If it isn’t broke don’t mend it!

It was interesting to note that there is much opposition to this phrase when you search the Internet about its relevance to business. The key word today seems to be to innovate.

In reality, this philosophy seems to indicate that if you don’t keep changing then you will go under. However, this mantra can have as big a damaging effect on businesses as not changing if one is not careful.

In a world where technology seems to be the answer to life, the world and everything, (a university has recently proved that the answer is indeed 42!) it is interesting to reflect on how consistency can be a better answer for some.

Clearly there are some things that we expect to stay the same, as the constant image is key to the success of the venture. I am sure that afternoon tea at the Ritz would soon lose its appeal if it were replaced by self-service vending machines.

More recently, it was interesting to note that a supermarket that introduced a self-scanning application to save the use of checkout desks, had to replace the checkouts. Apparently the people preferred to queue at the Helpdesk to get items scanned. As one person put it ‘you don’t pay me to work here!’

I also find it interesting that Kellogg’s cereal, Rice Krispies, first used the slogan ‘Snap, Crackle and Pop’ in the 1920’s. Clearly they didn’t see the need to innovate with a new slogan as the existing one is still working.

Recently I returned to the United Kingdom and had the pleasure to meet with an entrepreneur that I mentored over 13 years ago as an unemployed young man. He may have enlarged his product line and added to outlets, but he has stayed true to his business model and now turns over nearly £8million a year. Not bad from unemployed to now.

Equally, another entrepreneur that I worked with around the same time is also continuing her jewellery business. The nature based design for her work remains her inspiration. However, from pieces that once cost £35 and were sold locally, she has progressed to pieces that are sold worldwide for as much as £16,000.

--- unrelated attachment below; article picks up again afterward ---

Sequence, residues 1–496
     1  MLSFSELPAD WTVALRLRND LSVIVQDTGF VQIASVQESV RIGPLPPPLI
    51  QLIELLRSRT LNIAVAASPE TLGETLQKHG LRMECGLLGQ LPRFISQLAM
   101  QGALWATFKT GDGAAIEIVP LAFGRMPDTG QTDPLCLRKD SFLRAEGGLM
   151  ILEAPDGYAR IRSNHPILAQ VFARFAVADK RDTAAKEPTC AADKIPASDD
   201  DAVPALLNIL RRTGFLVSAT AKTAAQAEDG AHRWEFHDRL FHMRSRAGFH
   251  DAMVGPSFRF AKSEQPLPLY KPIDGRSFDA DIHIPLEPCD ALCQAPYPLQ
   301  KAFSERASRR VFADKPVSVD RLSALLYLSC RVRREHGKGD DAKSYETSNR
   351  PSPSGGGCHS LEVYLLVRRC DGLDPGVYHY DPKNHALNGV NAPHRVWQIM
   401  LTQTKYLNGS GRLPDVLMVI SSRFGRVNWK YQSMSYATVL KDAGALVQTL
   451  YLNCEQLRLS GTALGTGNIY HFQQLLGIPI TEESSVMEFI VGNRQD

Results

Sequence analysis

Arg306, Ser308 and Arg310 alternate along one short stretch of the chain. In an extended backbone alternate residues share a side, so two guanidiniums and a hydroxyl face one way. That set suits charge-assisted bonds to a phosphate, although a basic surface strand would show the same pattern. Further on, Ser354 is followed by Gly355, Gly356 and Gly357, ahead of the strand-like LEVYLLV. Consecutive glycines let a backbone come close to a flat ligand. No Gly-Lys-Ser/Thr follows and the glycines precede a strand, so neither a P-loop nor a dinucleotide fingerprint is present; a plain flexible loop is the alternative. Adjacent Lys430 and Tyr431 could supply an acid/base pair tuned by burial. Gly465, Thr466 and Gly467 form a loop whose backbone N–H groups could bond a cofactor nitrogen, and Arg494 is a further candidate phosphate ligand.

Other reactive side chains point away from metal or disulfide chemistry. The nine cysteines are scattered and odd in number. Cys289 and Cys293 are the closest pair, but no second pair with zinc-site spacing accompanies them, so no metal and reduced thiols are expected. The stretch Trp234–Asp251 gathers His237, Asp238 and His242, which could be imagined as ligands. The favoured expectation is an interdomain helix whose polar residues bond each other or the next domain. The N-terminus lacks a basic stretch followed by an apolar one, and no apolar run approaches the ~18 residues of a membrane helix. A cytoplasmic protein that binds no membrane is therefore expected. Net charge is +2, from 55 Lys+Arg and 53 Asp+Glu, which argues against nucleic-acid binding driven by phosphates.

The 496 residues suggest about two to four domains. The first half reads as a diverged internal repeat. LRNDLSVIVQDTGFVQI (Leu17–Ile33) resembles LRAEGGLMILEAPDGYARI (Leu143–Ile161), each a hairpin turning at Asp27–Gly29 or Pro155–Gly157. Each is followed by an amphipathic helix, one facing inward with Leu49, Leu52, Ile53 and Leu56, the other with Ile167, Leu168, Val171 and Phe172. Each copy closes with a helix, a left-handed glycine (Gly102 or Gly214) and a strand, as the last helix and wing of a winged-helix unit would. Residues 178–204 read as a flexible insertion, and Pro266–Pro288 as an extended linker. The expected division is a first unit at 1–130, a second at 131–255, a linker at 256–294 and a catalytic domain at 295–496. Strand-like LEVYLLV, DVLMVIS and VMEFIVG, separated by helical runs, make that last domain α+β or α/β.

No one is saying that businesses today should not innovate, provided that they do so in a controlled and thought out way. Why didn’t the supermarket poll their customers before launching their store without checkouts?

Why do businesses assume that everyone wants to communicate through Facebook, Instagram, Twitter or some other social media platform? Moreover, the key is in the words SOCIAL MEDIA. No one called it business media and it is likely to irritate rather than inform if businesses gate-crash people’s social media.

Innovation is fine provided that it is approached in the right way. Ideally, the use of technology should be transparent to the customer if it is used to improve the customer experience. People want to enjoy the improvement without having to know what you put under the bonnet.

Where innovation does involve the customer, then the old rules of market research should be employed before the innovation is implemented. I am sure that if this had been done in the case of the supermarket then they would have introduced the concept differently and possibly with a phased approach.

So, businesses should always look to improve their offering, but should also remember that if innovation means change for the client it is a good idea to ask them first. It also means that if the innovation is one that is under the bonnet then most customers don’t need to know.

In business as in everything else in life, potential changes will appear. However, just because it is different doesn’t make it better. Be aware that the effect of change that is brought about through slavish pursuit of technology is similar to investing in stocks and shares; the value of your investment can go up or down

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